On a recent Saturday afternoon, after completing his Sabbath morning prayers, Senator Joe Lieberman of Connecticut braved a four-mile, snowy walk to the Capitol building from his Georgetown synagogue.
When hundreds of thousands of Jews began leaving the Soviet Union 20 years ago, American Jews looked at them the way a father beams at his children. Here was a large part of the tribe, almost lost to forced assimilation, now taking their first steps into a Jewish future. That paternalistic feeling only grew, as the immigrants, like all newcomers, needed a lot of help — to get settled, learn a language, navigate the realities of their new lives.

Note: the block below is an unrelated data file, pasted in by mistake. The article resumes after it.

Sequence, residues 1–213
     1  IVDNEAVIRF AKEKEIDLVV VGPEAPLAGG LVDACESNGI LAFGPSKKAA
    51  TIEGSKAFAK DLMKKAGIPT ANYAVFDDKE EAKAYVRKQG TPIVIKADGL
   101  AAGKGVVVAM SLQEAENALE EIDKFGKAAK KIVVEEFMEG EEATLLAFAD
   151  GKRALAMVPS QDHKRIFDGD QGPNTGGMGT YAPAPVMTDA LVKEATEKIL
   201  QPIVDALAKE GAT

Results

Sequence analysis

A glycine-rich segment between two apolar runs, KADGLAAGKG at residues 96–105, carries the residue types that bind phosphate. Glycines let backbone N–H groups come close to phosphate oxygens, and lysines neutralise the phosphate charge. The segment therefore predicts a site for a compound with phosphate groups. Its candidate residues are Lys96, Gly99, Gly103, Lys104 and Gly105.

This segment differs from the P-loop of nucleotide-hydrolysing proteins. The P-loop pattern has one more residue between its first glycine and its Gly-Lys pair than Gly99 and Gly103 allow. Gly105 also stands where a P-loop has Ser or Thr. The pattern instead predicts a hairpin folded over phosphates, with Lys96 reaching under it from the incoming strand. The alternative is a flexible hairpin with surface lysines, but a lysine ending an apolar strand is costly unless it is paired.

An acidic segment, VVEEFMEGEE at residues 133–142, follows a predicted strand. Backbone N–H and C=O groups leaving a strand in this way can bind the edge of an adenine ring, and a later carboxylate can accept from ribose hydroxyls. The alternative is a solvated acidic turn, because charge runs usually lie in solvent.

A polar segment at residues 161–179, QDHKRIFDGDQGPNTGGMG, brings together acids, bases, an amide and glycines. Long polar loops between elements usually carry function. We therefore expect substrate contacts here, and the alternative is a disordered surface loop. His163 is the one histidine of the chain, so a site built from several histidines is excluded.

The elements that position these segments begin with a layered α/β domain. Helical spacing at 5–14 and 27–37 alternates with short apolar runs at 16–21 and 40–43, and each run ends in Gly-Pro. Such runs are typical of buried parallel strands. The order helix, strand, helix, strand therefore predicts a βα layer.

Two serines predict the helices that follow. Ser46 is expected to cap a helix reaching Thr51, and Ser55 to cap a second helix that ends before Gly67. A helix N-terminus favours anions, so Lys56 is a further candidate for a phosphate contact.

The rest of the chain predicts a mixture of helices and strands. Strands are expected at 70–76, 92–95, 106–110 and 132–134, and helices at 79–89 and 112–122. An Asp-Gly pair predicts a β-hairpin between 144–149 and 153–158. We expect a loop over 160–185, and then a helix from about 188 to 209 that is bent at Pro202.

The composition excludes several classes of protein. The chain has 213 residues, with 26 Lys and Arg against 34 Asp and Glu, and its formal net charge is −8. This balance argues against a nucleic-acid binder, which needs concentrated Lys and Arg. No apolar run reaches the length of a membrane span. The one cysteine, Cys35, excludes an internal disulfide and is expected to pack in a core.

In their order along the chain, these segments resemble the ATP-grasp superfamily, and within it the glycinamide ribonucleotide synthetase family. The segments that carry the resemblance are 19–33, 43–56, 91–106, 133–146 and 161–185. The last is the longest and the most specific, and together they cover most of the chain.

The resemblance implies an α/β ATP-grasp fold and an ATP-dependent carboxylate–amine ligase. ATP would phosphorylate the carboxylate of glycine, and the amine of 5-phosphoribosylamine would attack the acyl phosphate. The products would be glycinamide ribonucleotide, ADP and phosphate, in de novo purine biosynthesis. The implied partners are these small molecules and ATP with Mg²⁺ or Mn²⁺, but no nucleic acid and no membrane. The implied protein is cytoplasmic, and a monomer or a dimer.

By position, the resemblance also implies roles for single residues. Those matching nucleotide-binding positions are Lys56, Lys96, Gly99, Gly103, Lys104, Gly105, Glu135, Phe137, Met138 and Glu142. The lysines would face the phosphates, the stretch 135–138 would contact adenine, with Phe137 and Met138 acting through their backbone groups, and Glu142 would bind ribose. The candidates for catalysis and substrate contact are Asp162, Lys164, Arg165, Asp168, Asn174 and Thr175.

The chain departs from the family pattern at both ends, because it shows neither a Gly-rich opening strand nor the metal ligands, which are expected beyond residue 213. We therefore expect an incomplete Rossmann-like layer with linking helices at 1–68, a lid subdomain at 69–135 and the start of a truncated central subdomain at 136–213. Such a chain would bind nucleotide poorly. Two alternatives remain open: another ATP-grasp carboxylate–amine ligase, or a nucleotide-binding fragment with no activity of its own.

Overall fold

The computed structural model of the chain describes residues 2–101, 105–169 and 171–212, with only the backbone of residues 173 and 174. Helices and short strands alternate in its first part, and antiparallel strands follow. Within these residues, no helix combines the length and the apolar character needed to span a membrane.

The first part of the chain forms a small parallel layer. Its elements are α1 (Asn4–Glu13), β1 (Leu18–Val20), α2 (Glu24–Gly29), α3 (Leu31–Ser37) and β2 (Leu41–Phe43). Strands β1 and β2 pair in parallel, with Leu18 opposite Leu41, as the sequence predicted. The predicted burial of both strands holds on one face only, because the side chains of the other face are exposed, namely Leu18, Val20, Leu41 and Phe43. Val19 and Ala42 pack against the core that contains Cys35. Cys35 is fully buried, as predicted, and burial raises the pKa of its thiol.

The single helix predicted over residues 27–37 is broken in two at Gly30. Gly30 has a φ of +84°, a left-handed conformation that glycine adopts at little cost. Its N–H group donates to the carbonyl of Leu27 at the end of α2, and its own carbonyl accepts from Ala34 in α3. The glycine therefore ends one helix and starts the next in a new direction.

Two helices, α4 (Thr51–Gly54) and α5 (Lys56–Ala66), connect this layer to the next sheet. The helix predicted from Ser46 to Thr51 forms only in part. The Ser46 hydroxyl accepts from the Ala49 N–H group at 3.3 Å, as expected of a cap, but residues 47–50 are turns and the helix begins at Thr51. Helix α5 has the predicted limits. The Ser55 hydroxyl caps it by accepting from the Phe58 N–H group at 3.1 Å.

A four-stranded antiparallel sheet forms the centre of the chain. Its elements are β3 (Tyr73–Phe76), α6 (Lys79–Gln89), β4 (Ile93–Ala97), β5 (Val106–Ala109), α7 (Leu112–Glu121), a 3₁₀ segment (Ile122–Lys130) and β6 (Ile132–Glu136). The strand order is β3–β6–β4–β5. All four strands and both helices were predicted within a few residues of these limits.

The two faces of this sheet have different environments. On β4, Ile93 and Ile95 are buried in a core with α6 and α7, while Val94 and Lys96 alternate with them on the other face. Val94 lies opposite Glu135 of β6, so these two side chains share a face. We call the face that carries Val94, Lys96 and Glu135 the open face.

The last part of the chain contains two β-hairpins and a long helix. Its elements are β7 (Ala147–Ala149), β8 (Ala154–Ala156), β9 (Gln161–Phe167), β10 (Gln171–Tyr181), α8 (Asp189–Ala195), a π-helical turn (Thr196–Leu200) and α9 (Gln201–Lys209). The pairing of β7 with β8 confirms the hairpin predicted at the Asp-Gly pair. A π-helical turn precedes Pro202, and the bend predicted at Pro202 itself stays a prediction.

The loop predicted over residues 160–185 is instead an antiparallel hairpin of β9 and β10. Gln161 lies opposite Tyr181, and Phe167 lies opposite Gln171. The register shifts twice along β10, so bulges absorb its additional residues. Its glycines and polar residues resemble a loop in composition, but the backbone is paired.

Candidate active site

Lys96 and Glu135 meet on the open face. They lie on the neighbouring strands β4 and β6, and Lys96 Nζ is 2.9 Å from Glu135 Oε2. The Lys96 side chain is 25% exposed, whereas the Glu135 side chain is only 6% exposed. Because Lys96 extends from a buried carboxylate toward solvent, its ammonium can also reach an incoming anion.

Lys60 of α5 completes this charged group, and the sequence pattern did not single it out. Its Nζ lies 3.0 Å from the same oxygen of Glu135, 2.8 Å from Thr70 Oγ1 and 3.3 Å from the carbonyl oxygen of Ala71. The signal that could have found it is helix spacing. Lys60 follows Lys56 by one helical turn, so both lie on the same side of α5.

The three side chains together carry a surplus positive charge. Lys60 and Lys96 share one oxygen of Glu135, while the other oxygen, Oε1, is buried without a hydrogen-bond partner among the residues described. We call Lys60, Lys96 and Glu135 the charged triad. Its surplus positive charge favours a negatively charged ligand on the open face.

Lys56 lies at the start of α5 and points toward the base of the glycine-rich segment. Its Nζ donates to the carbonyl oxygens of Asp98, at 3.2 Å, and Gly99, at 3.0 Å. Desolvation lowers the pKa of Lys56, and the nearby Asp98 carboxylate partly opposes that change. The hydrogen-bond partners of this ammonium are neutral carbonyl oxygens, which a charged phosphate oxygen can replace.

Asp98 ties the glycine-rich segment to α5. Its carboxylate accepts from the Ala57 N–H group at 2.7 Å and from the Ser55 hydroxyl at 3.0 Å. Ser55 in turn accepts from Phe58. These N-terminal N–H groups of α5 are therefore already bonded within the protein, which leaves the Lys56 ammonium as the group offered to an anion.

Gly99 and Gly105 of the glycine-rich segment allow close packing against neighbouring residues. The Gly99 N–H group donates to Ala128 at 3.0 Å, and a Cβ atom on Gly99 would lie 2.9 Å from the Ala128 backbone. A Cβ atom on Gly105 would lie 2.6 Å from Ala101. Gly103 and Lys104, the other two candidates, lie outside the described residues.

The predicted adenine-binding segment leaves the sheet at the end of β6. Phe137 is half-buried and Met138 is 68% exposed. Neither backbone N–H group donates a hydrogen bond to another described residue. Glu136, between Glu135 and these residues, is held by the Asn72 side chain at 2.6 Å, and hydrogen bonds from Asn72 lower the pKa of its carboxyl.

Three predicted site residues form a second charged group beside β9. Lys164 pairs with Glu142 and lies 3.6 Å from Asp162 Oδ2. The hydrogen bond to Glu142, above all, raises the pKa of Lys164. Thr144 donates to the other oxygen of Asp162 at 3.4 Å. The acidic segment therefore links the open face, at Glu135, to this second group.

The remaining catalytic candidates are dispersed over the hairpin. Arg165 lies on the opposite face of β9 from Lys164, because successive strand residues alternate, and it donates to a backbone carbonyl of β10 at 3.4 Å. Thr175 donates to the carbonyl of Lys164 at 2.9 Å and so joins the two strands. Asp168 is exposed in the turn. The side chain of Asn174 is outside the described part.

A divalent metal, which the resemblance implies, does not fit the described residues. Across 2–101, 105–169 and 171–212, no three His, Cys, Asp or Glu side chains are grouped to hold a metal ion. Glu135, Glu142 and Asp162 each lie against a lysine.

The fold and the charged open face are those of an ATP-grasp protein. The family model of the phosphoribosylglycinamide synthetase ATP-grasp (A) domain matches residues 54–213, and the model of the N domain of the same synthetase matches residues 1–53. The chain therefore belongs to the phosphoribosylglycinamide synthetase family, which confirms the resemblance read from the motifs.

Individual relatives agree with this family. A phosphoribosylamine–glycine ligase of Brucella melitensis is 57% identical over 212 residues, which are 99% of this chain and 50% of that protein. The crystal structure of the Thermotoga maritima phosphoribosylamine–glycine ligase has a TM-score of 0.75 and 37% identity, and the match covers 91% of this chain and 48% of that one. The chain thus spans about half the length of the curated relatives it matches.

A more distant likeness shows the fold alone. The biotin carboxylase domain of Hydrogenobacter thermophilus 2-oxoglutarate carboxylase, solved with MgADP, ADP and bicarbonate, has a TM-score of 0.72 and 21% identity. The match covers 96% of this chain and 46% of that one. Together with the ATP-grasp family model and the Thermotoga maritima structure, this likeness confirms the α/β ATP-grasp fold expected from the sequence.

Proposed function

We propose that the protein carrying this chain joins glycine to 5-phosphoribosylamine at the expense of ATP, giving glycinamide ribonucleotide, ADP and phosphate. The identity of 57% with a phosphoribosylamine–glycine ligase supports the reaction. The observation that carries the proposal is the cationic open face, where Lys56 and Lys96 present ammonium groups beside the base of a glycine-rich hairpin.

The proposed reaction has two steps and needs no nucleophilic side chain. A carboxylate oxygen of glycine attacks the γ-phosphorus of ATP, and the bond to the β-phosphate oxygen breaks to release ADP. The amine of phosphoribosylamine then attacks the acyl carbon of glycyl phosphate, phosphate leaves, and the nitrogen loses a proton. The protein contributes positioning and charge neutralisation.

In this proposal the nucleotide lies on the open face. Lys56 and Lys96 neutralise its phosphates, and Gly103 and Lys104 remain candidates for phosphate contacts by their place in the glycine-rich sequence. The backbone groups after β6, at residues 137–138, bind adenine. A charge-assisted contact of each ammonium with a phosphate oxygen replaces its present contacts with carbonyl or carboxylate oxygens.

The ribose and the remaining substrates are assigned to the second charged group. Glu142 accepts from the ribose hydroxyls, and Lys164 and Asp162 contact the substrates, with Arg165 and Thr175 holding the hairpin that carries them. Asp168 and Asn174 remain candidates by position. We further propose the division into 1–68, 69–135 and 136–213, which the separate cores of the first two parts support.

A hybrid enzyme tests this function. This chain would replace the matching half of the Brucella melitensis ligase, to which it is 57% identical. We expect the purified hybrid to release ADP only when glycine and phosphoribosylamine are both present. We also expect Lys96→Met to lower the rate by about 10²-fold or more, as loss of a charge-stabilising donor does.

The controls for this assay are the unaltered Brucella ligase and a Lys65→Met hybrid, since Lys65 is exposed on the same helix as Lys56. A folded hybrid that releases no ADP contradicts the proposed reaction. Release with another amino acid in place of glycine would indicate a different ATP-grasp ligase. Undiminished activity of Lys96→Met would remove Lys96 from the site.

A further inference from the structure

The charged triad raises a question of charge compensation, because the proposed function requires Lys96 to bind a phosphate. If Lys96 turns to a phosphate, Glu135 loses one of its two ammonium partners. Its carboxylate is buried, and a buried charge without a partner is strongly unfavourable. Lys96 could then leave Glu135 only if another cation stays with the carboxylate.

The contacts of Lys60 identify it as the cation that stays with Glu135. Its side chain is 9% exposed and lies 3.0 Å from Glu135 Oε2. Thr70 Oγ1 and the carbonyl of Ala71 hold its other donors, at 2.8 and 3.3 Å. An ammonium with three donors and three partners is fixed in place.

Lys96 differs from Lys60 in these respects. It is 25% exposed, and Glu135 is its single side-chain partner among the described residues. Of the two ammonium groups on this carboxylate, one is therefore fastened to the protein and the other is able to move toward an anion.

Some of Conservative Judaism’s top leaders found little to criticize within their own movement when they gathered together December 7 for a panel discussion on the future direction of their troubled denomination.
Breaking with his previous restraint, Israel’s ambassador to the United States delivered an unprecedented blast against J Street, the new dovish Israel lobby that has made waves in Washington and throughout the Jewish community.
On December 5, in Newcastle, England, Dmitriy “Star of David” Salita — born in Ukraine but raised, coached and tutored in Talmud in Brooklyn — stepped into the ring to fight Amir Khan, the Muslim “Pride of Bolton,” for the WBA light-welterweight title. On November 14, boxer and aspiring rabbi Yuri Foreman had won the WBA’s super welterweight title. Two Jewish champions within one month? A tantalizing possibility.